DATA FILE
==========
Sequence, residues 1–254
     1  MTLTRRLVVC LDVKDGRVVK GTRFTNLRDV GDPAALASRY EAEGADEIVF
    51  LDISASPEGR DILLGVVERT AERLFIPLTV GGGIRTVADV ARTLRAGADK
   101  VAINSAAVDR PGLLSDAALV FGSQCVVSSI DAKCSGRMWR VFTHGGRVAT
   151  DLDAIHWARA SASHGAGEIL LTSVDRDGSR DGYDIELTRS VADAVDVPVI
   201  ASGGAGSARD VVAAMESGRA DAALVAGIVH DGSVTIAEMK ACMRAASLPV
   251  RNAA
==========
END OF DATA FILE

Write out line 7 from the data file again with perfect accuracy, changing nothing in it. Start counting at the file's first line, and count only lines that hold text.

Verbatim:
   251  RNAA